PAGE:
Microtubule targeting agents in glioma

Microtubule targeting agents in glioma

Anda-Alexandra Calinescu1, Maria G. Castro1,2

1Department of Neurosurgery, University of Michigan Medical School, Ann Arbor, MI, USA2Department of Cellular and Developmental Biology, University of Michigan Medical School, Ann Arbor, MI, USA

Correspondence to: Maria G. Castro, PhD. 1150 Medical Center Drive, University of Michigan, Medical Sciences Building II, Suite 4570C, Ann Arbor, MI 48109, USA. Email: mariacas@med.umich.edu.

Comment on: Towner RA, Ihnat M, Saunders D, et al. A new anti-glioma therapy, AG119: pre-clinical assessment in a mouse GL261 glioma model. BMC Cancer 2015;15:522.

Submitted Apr 27, 2016. Accepted for publication May 09, 2016.

doi: 10.21037/tcr.2016.06.12

Microtubule targeting agents: mechanisms of action and classification

Microtubules are dynamic tubular polymers of α- and β-tubulin which provide structural integrity, promote migration, transport of molecules, vesicles and organelles and play essential roles during cell division by forming the mitotic spindles, orchestrating the transport and separation of chromosomes and cytokinesis. Blocking the microtubule polymerization-dynamics leads to disruption of cellular division, mitotic arrest at the metaphase-anaphase transition and induction of apoptosis (1). Microtubules are thus a good target for anticancer therapy. Many tubulin-binding agents (TBAs) have been purified from natural products and synthesized to be used as therapy for a variety of cancers (2).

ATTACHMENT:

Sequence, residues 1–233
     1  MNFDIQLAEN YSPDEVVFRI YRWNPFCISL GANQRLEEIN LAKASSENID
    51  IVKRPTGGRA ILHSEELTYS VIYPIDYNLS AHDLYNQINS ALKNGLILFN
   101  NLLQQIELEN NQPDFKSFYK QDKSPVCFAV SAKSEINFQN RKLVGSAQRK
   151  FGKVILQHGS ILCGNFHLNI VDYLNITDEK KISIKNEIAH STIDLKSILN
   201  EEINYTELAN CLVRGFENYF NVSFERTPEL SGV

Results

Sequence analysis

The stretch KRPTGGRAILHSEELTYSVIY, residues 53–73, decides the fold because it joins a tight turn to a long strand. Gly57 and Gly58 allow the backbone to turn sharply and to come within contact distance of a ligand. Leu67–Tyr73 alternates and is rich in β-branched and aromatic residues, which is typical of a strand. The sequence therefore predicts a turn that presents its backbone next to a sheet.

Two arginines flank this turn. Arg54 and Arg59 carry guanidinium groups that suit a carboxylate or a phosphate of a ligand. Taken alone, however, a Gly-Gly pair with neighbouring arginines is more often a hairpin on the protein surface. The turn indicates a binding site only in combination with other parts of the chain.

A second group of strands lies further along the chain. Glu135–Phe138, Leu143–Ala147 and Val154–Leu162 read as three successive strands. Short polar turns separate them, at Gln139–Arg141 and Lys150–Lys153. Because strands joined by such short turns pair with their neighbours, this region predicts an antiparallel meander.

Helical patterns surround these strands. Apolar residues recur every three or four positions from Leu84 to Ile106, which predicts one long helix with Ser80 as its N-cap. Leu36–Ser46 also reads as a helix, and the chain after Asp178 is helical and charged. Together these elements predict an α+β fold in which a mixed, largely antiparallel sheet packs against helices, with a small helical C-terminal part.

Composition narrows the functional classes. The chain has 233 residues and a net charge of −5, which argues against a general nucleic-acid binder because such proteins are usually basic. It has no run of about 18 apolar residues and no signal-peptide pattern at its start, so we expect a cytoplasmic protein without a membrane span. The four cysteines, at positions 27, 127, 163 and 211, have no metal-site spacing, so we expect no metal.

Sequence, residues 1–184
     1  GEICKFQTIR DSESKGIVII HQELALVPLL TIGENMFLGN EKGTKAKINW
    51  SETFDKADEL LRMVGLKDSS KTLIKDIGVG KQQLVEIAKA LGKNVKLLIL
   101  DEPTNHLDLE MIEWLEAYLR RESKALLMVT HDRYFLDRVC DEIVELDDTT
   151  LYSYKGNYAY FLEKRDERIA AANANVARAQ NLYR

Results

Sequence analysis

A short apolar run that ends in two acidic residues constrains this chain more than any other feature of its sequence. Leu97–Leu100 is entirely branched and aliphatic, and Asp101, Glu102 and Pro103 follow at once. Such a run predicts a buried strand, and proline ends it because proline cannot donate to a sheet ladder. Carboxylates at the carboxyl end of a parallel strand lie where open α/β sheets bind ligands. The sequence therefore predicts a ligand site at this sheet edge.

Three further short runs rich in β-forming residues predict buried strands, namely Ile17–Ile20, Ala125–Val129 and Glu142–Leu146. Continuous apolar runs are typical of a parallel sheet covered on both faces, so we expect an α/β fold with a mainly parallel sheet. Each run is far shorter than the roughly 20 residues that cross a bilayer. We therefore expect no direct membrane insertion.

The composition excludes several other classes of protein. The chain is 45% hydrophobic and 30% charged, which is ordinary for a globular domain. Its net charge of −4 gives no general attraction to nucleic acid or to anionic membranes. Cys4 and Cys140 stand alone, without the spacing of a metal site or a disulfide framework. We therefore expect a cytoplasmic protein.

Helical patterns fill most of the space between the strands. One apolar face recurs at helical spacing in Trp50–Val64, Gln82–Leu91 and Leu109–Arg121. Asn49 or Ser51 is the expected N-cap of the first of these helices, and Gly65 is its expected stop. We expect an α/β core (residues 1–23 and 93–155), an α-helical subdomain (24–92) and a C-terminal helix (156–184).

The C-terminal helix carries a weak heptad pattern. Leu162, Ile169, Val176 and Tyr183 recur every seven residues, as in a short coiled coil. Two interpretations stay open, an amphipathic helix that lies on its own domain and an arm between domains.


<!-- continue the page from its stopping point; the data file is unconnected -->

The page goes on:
Based on their binding-site and their mechanism of action TBAs can be classified in three categories (3): (I) the Vinca alcaloid group including vinblastine and vincristine, vindesine, vinorelbine, vinflunine, cryptophycin, dolastatins and others, compounds which bind to high-affinity sites at the microtubule plus end (Vinca binding domain) and induce microtubule destabilization. These drugs have long been used in the treatment of pediatric and adult hematological malignancies and continue to be employed for the treatment of various solid tumors in several combinations; (II) taxane compounds, including paclitaxel, docetaxel, cabazitaxel and the epothilone group, bind to β-tubulin on the inside of the microtubule (Taxane site) (4), induce microtubule polymerization at high doses and suppress microtubule dynamics at lower doses; (III) the Colchicine group includes colchicine (historically used to treat gout), combretastatins and its many synthetic derivates (AVE8062A, CA-1-P, CA-4-P, ZD6126) (5), 2-Methoxy-estradiol, ABT-751, E7010, etc.); these compounds bind to the colchicine site of free β-tubulin molecules generating tubulin-colchicine complexes which polymerize into the microtubule, altering its structure and suppressing microtubule dynamics. The chemical structure of several TBAs is presented in Figure 1. Vinka alkaloids and members of the colchicine group are also categorized as microtubule polymerization inhibitors, or destabilizing agents, whereas the taxane compounds are thought of as microtubule stabilizing agents (Figure 2).

Figure 1 Chemical structures of selected microtubule-binding agents used for the treatment of CNS malignancies. CNS, central nervous system.